Self-stabilizing Uniform Reliable Broadcast
We study a well-known communication abstraction called Uniform Reliable Broadcast (URB). URB is central in the design and implementation of fault-tolerant distributed systems, as many non-trivial fault-tolerant distributed applications require communication with provable guarantees on message deliveries. Our study focuses on fault-tolerant implementations for time-free message-passing systems that are prone to node-failures. Moreover, we aim at the design of an even more robust communication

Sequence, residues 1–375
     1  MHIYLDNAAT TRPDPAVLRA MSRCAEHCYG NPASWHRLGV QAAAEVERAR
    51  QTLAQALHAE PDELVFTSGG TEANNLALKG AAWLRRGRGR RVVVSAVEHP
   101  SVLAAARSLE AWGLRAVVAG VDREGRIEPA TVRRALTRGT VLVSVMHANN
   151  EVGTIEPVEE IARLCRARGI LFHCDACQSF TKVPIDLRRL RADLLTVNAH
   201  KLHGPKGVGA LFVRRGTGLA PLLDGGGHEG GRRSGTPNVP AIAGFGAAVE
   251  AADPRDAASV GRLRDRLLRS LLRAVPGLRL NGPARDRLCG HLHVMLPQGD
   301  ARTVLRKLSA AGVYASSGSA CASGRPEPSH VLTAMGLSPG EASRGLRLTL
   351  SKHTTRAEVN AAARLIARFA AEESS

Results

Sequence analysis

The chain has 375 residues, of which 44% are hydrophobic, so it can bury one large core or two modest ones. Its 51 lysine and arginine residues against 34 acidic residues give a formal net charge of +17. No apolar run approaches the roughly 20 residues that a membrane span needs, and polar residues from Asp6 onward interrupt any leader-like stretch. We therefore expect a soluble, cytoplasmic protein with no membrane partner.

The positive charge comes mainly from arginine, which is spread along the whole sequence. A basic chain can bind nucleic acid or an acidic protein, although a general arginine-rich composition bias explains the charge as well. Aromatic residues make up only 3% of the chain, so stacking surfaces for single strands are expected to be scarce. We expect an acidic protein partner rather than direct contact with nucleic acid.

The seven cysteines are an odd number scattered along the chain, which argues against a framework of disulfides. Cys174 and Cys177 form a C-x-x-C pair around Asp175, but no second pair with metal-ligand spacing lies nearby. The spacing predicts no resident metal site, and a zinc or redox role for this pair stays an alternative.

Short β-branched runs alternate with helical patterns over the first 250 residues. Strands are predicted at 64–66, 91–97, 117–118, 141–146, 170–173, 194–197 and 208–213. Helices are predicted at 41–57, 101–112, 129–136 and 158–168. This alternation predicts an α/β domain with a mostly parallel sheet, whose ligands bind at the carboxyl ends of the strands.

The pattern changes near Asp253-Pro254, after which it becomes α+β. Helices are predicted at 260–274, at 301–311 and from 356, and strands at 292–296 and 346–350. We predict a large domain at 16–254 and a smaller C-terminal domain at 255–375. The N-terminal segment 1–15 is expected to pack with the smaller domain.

... traction. We do so through the lenses of self-stabilization---a very strong notion of fault-tolerance. In addition to node and communication failures, self-stabilizing algorithms can recover after the occurrence of arbitrary transient faults; these faults represent any violation of the assumptions according to which the system was designed to operate (as long as the algorithm code stays intact). This work proposes the first self-stabilizing URB solution for time-free message-passing systems that are prone to node-failures. The proposed algorithm has an O(bufferUnitSize) stabilization time (in terms of asynchronous cycles) from arbitrary transient faults, where bufferUnitSize is a predefined constant that can be set according to the available memory. Moreover, the communication costs of our algorithm are similar to the ones of the non-self-stabilizing state-of-the-art. The main differences are that our proposal considers repeated gossiping of O(1) bits messages and deals with bounded space (which is a prerequisite for self-stabilization). Specifically, each node needs to store up to bufferUnitSize n records and each record is of size O(v + n log n) bits, where n is the number of nodes in the system and v is the number of bits needed to encode a single URB instance.